Despite being looked for in three different stores by a decidedly-more-cranky-by-the-moment Andro, several key ingredients were nowhere to be found. Apparently, (short of specialty stores that charge about twenty to thirty euros a bottle, anyway) most types of flavor extracts simply don't exist here. No mint extract. No almond extract. In two stores, no vanilla extract. There was also something of a shortage of powdered sugar and baking sheets, but I managed to scrounge those up by searching through the cabinets at home.

Armed with a large bottle of Frangelico and the knowledge that I could always fall back on my specialty-- doom-flavored shortbread cookies-- if my baking endeavor should happen to go pear-shaped, I had at it.

The results were tasty enough to have been declared a sin in several countries pre-Church Reformation.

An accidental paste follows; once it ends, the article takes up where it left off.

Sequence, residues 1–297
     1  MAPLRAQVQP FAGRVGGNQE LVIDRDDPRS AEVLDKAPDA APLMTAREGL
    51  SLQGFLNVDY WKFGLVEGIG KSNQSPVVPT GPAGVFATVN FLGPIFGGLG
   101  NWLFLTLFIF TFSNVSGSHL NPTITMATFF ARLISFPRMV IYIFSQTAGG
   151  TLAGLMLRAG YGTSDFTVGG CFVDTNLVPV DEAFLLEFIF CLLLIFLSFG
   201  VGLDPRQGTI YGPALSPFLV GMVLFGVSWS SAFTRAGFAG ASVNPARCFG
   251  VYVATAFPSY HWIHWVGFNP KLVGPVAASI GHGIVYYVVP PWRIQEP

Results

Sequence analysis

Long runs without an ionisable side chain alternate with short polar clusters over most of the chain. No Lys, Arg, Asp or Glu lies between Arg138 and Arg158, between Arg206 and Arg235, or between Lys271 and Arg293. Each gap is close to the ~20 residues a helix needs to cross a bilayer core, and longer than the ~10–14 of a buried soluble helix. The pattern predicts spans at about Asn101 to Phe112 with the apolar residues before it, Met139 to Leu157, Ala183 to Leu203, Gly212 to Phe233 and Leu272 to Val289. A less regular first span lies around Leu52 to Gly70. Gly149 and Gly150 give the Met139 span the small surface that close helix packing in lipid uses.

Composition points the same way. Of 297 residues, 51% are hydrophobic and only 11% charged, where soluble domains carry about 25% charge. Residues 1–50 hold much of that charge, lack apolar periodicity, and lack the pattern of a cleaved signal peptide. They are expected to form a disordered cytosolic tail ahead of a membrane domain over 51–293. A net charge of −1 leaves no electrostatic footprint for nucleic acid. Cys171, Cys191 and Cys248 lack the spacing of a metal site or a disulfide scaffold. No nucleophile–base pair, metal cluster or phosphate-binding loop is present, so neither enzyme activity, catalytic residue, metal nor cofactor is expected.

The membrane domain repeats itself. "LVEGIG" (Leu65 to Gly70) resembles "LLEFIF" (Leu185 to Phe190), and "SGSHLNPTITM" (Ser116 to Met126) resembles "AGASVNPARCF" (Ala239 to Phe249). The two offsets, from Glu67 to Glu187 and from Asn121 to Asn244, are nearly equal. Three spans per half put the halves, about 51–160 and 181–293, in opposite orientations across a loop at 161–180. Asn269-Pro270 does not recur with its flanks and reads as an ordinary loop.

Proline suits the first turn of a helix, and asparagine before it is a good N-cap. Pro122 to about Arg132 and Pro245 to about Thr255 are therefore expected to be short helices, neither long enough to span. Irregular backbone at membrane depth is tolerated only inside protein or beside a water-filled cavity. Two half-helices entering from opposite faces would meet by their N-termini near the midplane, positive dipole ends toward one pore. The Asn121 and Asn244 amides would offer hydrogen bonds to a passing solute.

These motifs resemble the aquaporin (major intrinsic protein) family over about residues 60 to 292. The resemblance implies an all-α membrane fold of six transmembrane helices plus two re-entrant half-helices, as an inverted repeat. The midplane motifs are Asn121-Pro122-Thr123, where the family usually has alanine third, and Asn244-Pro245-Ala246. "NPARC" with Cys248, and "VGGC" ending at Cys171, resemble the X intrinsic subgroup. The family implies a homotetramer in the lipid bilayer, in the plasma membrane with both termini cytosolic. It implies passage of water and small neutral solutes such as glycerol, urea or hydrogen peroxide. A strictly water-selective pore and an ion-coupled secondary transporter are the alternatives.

And so I share them with you, E2.

Frangelico chocolate chunk almond cookies

Warning: There is no way that these things might be considered "healthy," even for very large values of health. That doesn't stop them from being incredibly tasty, however.

What you'll need:

  • two cups of flour. Generic, white, bleached.
  • half a cup of ground almonds.
  • between a quarter of a cup to a half a cup, depending on your nuttiness preference, of chopped almonds. (If you can't find either of these in the baking section of your local supermarket, you can use a food processor to reduce whole almonds.)
  • half a teaspoon of baking soda.
  • a pinch (say, a quarter of a teaspoon) of salt. (I used sea salt. You may want to try something a little less coarse.)